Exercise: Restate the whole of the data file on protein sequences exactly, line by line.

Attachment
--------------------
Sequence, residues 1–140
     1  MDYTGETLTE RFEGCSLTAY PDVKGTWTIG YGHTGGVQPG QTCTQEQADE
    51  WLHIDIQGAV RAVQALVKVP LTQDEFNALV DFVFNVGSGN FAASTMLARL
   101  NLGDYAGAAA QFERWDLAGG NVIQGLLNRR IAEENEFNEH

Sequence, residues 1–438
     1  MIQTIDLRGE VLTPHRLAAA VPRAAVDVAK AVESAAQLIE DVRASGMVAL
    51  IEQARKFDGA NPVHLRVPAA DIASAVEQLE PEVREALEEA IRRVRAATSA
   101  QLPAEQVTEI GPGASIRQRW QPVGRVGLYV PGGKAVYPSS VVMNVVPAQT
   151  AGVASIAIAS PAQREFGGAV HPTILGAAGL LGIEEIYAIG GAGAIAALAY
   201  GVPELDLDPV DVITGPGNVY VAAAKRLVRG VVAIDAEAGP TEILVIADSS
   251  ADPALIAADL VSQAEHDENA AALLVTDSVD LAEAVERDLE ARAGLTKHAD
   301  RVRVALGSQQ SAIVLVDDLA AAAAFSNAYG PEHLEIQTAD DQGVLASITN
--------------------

Sequence, residues 1–140
     1  MDYTGETLTE RFEGCSLTAY PDVKGTWTIG YGHTGGVQPG QTCTQEQADE
    51  WLHIDIQGAV RAVQALVKVP LTQDEFNALV DFVFNVGSGN FAASTMLARL
   101  NLGDYAGAAA QFERWDLAGG NVIQGLLNRR IAEENEFNEH

Sequence, residues 1–438
     1  MIQTIDLRGE VLTPHRLAAA VPRAAVDVAK AVESAAQLIE DVRASGMVAL
    51  IEQARKFDGA NPVHLRVPAA DIASAVEQLE PEVREALEEA IRRVRAATSA
   101  QLPAEQVTEI GPGASIRQRW QPVGRVGLYV PGGKAVYPSS VVMNVVPAQT
   151  AGVASIAIAS PAQREFGGAV HPTILGAAGL LGIEEIYAIG GAGAIAALAY
   201  GVPELDLDPV DVITGPGNVY VAAAKRLVRG VVAIDAEAGP TEILVIADSS
   251  ADPALIAADL VSQAEHDENA AALLVTDSVD LAEAVERDLE ARAGLTKHAD
   301  RVRVALGSQQ SAIVLVDDLA AAAAFSNAYG PEHLEIQTAD DQGVLASITN